Leaving Pink RV Antifreeze in Permanently - Fiberglass RV
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Old 04-04-2019, 05:59 AM   #1
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Name: Scott
Trailer: Scamp
Ohio
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Leaving Pink RV Antifreeze in Permanently

We have a 13 foot scamp that we winterize each year and then dewinterize in the spring.

We use the Pink RV Antifreeze to do this.

We do not use the water system for fresh water or the water heater as we just bring our own water.

Question to the Forum members is can we just leave the RV antifreeze in ongoing and forget about the whole putting it in and taking it out process every year?Will this damage the water system?

I appreciate your responses and advice!

-Scott
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Old 04-04-2019, 08:36 AM   #2
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Do you use the sink? Where is the antifreeze in your system? Myself I’d blow out the plumbing and drain everything. On my trailer, the only place with the pink stuff is in p traps: the sink and shower drains.
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Old 04-04-2019, 09:00 AM   #3
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Scott, It won't hurt anything to leave it in the system. But as Bill mentioned, you still have to put it in the P traps if it has ever been rinsed out.
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Old 04-04-2019, 11:43 AM   #4
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Leaving RV Antifreeze in ongoing

Thanks for the quick replies!


We did use the fresh water the 1st year so we would use the toilet/sink and tried hot water to see if it worked.


After that we just started bringing our own water instead of going through the whole process of filling it up when we arrived and dumping what we did not use when we left.


I have the RV antifreeze in the following places.


1-Sink
2-Shower floor trap
3-toilet
4-fresh water tank
5-bathroom sink


So it sounds like I can just leave it in and not worry about it or remove it and blow out the lines.



Do you have a link in the forum to blowing out the lines?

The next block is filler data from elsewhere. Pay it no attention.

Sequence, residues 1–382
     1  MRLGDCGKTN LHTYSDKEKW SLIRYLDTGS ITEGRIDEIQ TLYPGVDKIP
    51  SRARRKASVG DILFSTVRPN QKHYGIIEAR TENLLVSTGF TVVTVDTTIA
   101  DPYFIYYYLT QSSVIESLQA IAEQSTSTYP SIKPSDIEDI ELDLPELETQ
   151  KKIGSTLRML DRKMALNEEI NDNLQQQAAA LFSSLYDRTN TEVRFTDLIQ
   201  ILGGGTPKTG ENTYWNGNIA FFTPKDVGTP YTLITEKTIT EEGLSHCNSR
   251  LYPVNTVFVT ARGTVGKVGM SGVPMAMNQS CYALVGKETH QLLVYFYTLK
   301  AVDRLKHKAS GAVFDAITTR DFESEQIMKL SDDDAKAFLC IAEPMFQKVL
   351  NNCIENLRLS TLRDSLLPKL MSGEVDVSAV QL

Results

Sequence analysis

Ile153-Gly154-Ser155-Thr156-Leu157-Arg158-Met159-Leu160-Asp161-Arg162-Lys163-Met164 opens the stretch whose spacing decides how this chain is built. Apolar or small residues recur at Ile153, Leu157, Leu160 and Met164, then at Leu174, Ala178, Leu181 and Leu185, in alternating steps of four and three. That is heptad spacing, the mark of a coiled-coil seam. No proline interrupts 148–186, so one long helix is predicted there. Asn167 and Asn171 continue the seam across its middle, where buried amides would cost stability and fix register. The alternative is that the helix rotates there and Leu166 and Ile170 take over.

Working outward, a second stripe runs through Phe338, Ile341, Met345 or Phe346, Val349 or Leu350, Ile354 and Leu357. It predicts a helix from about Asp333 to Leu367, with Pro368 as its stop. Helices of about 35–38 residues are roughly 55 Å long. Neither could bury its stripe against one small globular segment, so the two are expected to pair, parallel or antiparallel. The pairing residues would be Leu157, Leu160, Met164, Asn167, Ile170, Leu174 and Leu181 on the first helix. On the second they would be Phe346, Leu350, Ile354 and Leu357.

Thanks


Scott
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Old 04-04-2019, 04:08 PM   #5
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Name: Marilyn
Trailer: 13 ft 2005 Scamp Deluxe; 2002 Subaru V6 Outback
Oregon
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antifreeze use

I never, never put antifreeze in my freshwater tank. Antifreeze is highly toxic, so if you ever want to use the water tank, you'll need to flush, flush, flush. For drinking, cooking, I use bottled water. But for dishwashing, handwashing, toilet water when not hooked up to outside source, the water tank is handy.

If you never use the water tank, no sense in adding antifreeze if the tank is empty. In winter I leave the tank valve open.

Theres lots of how-to's on the web for winterizing/dewinterizing. Most important is to make sure all holding tanks are completely drained with antifreeze added only to the p-traps.

Best travels.
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Old 04-04-2019, 04:11 PM   #6
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RV antifreeze ( the pink stuff ) is NOT toxic. In fact, the same chemical component is used in ice cream and many other food items.
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Old 04-04-2019, 04:24 PM   #7
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Originally Posted by Glenn Baglo View Post
RV antifreeze ( the pink stuff ) is NOT toxic. In fact, the same chemical component is used in ice cream and many other food items.
It’s also used in margarine , bread , alcoholic beverages and numerous other foods
I worked in a plant in Mpls that made RV antifreeze . It was considered non hazardous and non toxic
Thanks Glenn for clearing up the misinformation.
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Old 04-04-2019, 04:39 PM   #8
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My OOPS

Glenn is right. Propylene glycol, the active ingredient in RV antifreeze is non-toxic, but if ingested in high amounts can be toxic to dogs and cats/

Whereas the main ingredients in regular antifreeze are methanol.
ethylene glycol and propylene glycol plus other additives, and if ingested is toxic to humans, pets..... in OEM extended life antifreeze/coolant products can be pink in color. like RV antifreeze.
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Old 04-04-2019, 09:00 PM   #9
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Originally Posted by M Scott View Post